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US-Japan Relations during the Korean War

Description: During the Korean War, US-Japan relations changed dramatically from the occupation status into one of a security partnership in Asia. When North Korea invaded South Korea, Washington perceived Japan as the ultimate target. Washington immediately intervened in the Korean peninsula to protect the South on behalf of Japanese security. Japanese security was the most important objective of American policy regarding the Korean War, a reality to which historians have not given legitimate attention. While fighting in Korea, Washington decided to conclude an early peace treaty with Japan to initiate Japanese rearmament. The issue of Japanese rearmament was a focal point in the Japanese peace negotiation. Washington pressed Japan to rearm rapidly, but Tokyo stubbornly opposed. Under pressure from Washington, the Japanese government established the National Police Reserve and had to expand its military forces during the war. When the Korean War ceased in July 1953, Japanese armed forces numbered about 180,000 men. The Korean War also brought a fundamental change to Japanese economic and diplomatic relations in Asia. With a trade embargo on China following the unexpected Chinese intervention in Korea, Washington wanted to forbid Sino-Japanese trade completely. In addition, Washington pressed Tokyo to recognize the Nationalist regime in Taiwan as the representative government of the whole Chinese people. Japan unsuccessfully resisted both policies. Japan wanted to maintain Sino-Japanese trade and recognize the Chinese Communists. The Korean War brought an economic boom to Japan. As a logistical and service supporter for United States war efforts in Korea, Japan received a substantial amount of military procurement orders from Washington, which supplied dollars, technology, and markets for Japan. The Korean War was an economic opportunity for Japan while it was a military opportunity for the United States. The Korean War was the beginning of a new era of American-Japanese military and economic ...
Date: May 1995
Creator: Kim, Nam G. (Nam Gyun)

The Power of One: Bonnie Singleton and American Prisoners of War in Vietnam

Description: Bonnie Singleton, wife of United States Air Force helicopter rescue pilot Jerry Singleton, saw her world turned upside down when her husband was shot down while making a rescue in North Vietnam in 1965. At first, the United States government advised her to say very little publicly concerning her husband, and she complied. After the capture of the American spy ship, the U.S.S. Pueblo by North Korea, and the apparent success in freeing the naval prisoners when Mrs. Rose Bucher, the ship captain's wife, spoke out, Mrs. Singleton changed her opinion and embarked upon a campaign to raise public awareness about American prisoners of war held by the Communist forces in Southeast Asia. Mrs. Singleton, along with other Dallas-area family members, formed local grass-roots organizations to notify people around the world about the plight of American POWs. They enlisted the aid of influential congressmen, such as Olin "Tiger" Teague of College Station, Texas; President Richard M. Nixon and his administration; millionaire Dallas businessman Ross Perot; WFAA television in Dallas; and other news media outlets worldwide. In time, Bonnie Singleton, other family members, and the focus groups they helped start encouraged North Vietnam to release the names of prisoners, allow mail and packages to be sent to the POWs, and afford better treatment for prisoners of war.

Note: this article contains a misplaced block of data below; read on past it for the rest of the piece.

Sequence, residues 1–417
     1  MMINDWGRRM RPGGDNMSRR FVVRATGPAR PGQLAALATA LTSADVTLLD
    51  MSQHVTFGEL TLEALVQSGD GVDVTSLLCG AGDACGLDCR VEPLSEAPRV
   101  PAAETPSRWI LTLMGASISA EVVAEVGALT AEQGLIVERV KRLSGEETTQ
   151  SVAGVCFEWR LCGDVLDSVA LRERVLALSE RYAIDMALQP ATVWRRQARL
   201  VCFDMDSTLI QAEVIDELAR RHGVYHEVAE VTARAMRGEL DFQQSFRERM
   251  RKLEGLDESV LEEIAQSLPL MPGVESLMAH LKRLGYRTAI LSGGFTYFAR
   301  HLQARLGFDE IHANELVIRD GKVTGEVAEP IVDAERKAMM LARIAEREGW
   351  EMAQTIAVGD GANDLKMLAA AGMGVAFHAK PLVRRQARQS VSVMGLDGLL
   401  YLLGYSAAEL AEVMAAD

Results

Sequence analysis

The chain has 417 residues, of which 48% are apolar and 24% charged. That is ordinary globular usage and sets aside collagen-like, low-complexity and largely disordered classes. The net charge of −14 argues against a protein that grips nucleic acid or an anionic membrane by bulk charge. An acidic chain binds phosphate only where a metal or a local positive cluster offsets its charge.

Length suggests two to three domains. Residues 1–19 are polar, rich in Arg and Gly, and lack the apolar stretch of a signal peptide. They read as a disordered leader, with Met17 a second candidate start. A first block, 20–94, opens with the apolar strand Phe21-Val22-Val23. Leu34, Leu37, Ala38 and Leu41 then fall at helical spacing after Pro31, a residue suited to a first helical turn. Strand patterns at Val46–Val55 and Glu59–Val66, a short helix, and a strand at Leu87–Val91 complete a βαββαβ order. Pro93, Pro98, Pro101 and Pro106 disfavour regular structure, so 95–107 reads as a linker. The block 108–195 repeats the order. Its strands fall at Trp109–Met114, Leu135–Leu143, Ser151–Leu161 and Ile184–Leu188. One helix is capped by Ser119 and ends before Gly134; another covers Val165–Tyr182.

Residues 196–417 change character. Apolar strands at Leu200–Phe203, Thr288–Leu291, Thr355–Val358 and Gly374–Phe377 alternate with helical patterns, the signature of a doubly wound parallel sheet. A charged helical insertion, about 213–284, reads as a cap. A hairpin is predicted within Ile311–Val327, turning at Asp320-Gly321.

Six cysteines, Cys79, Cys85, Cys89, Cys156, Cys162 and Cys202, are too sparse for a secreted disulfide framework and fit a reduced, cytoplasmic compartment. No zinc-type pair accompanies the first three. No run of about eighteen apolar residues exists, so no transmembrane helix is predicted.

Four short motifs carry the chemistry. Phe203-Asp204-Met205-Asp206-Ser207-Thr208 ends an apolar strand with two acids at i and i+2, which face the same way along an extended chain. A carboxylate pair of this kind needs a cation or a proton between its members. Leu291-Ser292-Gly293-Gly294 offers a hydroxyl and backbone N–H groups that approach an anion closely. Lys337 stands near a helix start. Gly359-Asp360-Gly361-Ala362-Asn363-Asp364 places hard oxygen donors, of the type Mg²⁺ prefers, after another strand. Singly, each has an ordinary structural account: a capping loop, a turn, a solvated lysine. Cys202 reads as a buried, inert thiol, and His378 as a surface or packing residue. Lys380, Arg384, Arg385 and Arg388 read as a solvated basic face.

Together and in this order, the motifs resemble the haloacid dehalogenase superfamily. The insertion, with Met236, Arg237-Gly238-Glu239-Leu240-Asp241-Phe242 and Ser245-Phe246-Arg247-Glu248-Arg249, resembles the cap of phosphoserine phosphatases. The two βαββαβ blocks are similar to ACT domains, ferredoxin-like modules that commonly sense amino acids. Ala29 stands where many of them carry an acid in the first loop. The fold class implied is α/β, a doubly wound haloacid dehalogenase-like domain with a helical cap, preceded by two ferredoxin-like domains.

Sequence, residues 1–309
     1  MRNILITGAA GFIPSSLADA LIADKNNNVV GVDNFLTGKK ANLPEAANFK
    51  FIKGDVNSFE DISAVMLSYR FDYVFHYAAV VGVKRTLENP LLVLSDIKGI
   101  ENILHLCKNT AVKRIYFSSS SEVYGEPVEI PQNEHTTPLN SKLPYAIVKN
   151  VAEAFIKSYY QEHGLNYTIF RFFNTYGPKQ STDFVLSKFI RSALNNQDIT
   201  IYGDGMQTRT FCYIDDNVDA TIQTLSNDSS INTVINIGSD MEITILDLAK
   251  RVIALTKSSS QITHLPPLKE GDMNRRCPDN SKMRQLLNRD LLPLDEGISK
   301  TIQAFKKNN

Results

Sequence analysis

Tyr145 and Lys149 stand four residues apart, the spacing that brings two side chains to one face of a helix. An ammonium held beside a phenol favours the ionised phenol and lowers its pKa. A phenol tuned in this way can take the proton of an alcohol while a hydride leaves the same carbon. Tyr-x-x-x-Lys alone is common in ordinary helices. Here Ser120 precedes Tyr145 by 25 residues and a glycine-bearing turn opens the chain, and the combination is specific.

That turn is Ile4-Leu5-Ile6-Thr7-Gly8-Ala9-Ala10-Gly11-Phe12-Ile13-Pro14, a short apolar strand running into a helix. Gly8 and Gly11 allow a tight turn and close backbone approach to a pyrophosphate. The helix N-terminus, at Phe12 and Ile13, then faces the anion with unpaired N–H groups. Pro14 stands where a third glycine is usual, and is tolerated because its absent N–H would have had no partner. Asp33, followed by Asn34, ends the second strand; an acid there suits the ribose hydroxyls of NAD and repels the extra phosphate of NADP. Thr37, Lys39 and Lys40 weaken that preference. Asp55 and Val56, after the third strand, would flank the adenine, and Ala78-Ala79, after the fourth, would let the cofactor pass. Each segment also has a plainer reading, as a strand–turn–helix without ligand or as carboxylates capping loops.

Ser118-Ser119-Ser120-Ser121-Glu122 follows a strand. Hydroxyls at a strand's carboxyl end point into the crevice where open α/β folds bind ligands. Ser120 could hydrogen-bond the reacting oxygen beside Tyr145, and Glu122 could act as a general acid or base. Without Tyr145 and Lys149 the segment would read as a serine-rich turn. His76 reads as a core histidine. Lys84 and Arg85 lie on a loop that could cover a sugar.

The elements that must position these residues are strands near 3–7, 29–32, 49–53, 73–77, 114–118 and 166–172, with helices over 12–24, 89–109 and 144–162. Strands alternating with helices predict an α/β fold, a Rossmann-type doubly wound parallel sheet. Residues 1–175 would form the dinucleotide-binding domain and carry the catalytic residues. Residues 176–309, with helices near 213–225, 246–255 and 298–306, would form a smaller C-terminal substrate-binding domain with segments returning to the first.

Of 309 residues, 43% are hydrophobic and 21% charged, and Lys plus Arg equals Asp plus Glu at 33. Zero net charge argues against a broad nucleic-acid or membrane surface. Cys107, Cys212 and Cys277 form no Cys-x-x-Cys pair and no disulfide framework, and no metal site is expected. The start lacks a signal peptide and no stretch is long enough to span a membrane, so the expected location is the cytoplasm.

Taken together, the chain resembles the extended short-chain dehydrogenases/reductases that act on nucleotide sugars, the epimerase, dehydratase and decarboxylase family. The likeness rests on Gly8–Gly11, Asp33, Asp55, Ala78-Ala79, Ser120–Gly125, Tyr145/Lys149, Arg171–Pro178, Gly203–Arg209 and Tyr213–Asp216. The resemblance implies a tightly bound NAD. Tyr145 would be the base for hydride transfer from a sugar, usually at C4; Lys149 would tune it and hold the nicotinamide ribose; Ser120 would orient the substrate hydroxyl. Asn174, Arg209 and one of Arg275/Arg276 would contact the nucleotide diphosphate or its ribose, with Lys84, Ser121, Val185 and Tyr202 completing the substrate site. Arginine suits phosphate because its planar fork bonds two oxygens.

Date: August 1999
Creator: Garrett, Dave L.

History of Railway Development in China

Description: This study has not been able to comprehend to any extent the wide range or scope of the entire subject. Rather the limitations imposed by time and requirements of the subject-matter have limited the work more to a detailed analysis of material gathered from various sources and to an orderly presentation of facts and figures regarding railway construction in China. Fundamental causes underlying many present-day conditions have been briefly noted, and it is hoped that a sufficiently broad outline of the work has been laid down to inspire others to work out specif problems along the many different lines indicated.
Date: May 1939
Creator: Dawson, Homer W.

The German Submarine Cables and United States Diplomacy, 1914-1927

Description: Immediately after the outbreak of the World War, Great Britain, France and Japan cut the German submarine cables which were situated in the different oceans of the world. The study of the submarine cables during the World War and its aftermath is a complex problem. To understand the post-war negotiations, previous international agreements, treaties and the ownership, operation and financing of the cables must be understood.
Date: January 1967
Creator: Marusak, Leonard Francis

Politics and Militarism in Japan

Description: This study is a treatment of the conflicts between politics and militarism in Japan from the promulgation of the Constitution in 1889 to December 7, 1941, in four major divisions: (1) organization of the government; (2) the Elder Statesmen in power, 1889-1918; (3) the party politicians in power, 1918-1932; and (4) the militarists in power, 1932-1941.
Date: 1947
Creator: Smith, Cordell A.